Social media can be a two-edged sword nowadays. On one end, it’s a place of unity, shared ideas, and funny memes. On the other hand, we find many people hiding behind their phones and laptops to spread negativity. The Hous11 creative of the week, was on both ends of the sword this past week and gracefully rose above the online hate.
Calling herself the “Girl of the Century” Wanna, or @WannasWorld via Twitter, is a Toronto based creative and writer who’s mission is evident; to highlight and uplift black women, even starting the hashtag #femalestreamingrapparty to celebrate women in rap. Her most recent piece “Black Girls From the Hood Are The Real Trendsetters” currently boasts over 12,000 retweets on Twitter and over 50,000 reads on her website WannasWorld.com. So, it was a shock to see the backlash that came from a tweet she directed towards Nicki Minaj, resulting in her losing her unpaid writing internship with KarenCivil.com.
The Toronto writer has been a source for lifestyle and actively engages with her 18,000 plus Twitter followers over music, lifestyle and culture.
Earlier in the month, Wanna tweeted that she felt Nicki Minaj should change the direction of her music by rapping on more mature topics like “reflection on past relationships, being a boss, hardships, etc,” she tweeted. Wanna made note that the Young Money rapper was “pushing 40”. What Wanna didn’t expect was a direct message Nicki Minaj naming a few songs that she found touched on those topics and insisted on the writer being “jealous” and “ugly”. After sharing a screenshot of the direct messages online, the Barbz attacked.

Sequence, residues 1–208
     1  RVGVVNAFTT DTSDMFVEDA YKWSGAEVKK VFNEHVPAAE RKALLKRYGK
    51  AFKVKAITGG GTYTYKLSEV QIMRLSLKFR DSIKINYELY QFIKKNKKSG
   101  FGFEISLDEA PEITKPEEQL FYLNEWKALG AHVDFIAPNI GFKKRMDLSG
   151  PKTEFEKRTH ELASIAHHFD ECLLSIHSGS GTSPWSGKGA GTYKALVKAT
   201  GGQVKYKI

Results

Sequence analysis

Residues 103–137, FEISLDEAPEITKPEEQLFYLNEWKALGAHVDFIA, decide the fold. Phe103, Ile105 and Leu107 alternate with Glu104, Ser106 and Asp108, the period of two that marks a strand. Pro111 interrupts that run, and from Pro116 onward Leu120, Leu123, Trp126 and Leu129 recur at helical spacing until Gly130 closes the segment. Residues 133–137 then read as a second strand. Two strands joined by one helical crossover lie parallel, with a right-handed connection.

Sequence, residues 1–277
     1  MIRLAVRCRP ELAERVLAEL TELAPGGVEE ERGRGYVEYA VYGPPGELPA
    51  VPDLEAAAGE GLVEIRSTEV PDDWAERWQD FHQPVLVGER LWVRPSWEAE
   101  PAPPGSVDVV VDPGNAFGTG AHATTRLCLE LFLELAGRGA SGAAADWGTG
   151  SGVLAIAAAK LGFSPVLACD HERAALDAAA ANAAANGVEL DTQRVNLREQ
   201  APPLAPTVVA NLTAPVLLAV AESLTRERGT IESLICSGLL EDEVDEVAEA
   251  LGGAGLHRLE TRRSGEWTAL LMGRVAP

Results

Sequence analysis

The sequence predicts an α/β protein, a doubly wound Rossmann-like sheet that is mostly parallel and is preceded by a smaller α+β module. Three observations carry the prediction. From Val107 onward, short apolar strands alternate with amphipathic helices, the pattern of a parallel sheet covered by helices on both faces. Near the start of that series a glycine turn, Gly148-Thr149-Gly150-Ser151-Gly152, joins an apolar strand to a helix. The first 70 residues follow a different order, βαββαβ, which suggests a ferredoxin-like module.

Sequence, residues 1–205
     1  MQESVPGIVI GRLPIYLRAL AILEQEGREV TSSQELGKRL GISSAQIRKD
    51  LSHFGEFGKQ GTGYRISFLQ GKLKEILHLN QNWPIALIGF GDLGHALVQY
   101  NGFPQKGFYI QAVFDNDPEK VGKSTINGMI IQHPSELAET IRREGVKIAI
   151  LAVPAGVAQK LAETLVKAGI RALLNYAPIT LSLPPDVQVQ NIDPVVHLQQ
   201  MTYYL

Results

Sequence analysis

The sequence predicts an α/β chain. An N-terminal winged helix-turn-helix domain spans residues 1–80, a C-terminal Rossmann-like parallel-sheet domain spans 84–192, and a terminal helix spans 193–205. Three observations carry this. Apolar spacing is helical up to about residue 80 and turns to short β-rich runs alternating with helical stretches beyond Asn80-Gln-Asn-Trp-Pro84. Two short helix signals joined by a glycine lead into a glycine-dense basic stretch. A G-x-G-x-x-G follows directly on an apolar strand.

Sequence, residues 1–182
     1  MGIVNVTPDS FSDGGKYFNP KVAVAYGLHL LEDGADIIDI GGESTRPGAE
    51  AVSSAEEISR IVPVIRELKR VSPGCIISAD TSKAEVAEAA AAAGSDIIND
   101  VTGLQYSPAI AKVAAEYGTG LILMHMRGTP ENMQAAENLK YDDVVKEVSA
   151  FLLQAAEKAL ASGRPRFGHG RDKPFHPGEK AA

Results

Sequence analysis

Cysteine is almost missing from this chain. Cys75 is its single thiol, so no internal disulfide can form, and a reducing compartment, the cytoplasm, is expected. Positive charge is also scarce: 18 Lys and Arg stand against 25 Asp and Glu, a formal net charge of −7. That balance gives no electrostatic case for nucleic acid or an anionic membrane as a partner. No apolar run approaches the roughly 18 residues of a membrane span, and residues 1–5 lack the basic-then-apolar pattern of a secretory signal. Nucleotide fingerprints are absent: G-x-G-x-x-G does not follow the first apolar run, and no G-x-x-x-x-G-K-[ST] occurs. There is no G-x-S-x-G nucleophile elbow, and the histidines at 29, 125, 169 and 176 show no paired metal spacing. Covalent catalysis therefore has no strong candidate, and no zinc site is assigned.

Wanna found herself a target of cyber bullying from Nicki Minaj’s stans who had no shame in the way they attacked the young writer. “I wouldn’t wish this on anyone,” Wanna told the New York Times after receiving hate mail, death threats and even attacks on her four year old daughter. Once a welcoming place of her ideas, her Twitter page quickly became a minefield where she had to tiptoe around. “I wanted to post a photo of my daughter today (she looks beautiful) but the negativity hasn't stopped just yet,” she tweeted.
These type of incidents highlight the negative culture surrounding social media. We see the shows on catfishing online, but there is also an epidemic of “stan accounts” that go too far to defend their favorite artists. The target of these attacks often scurry from social media left to deal with the mental impacts this has on their peace of mind. How can strangers be so cruel?
Through all the hate, there was a lot of love shown to Wanna during this time. Many people, including Missy Elliot, shared positive tweets and well wishes to the writer and even banded together on the hashtag, #IStandWithWanna. Since then, Wanna has shared her side of the story via the New York Times and have been actively vetted for writing jobs and is currently taking her career in her own hands.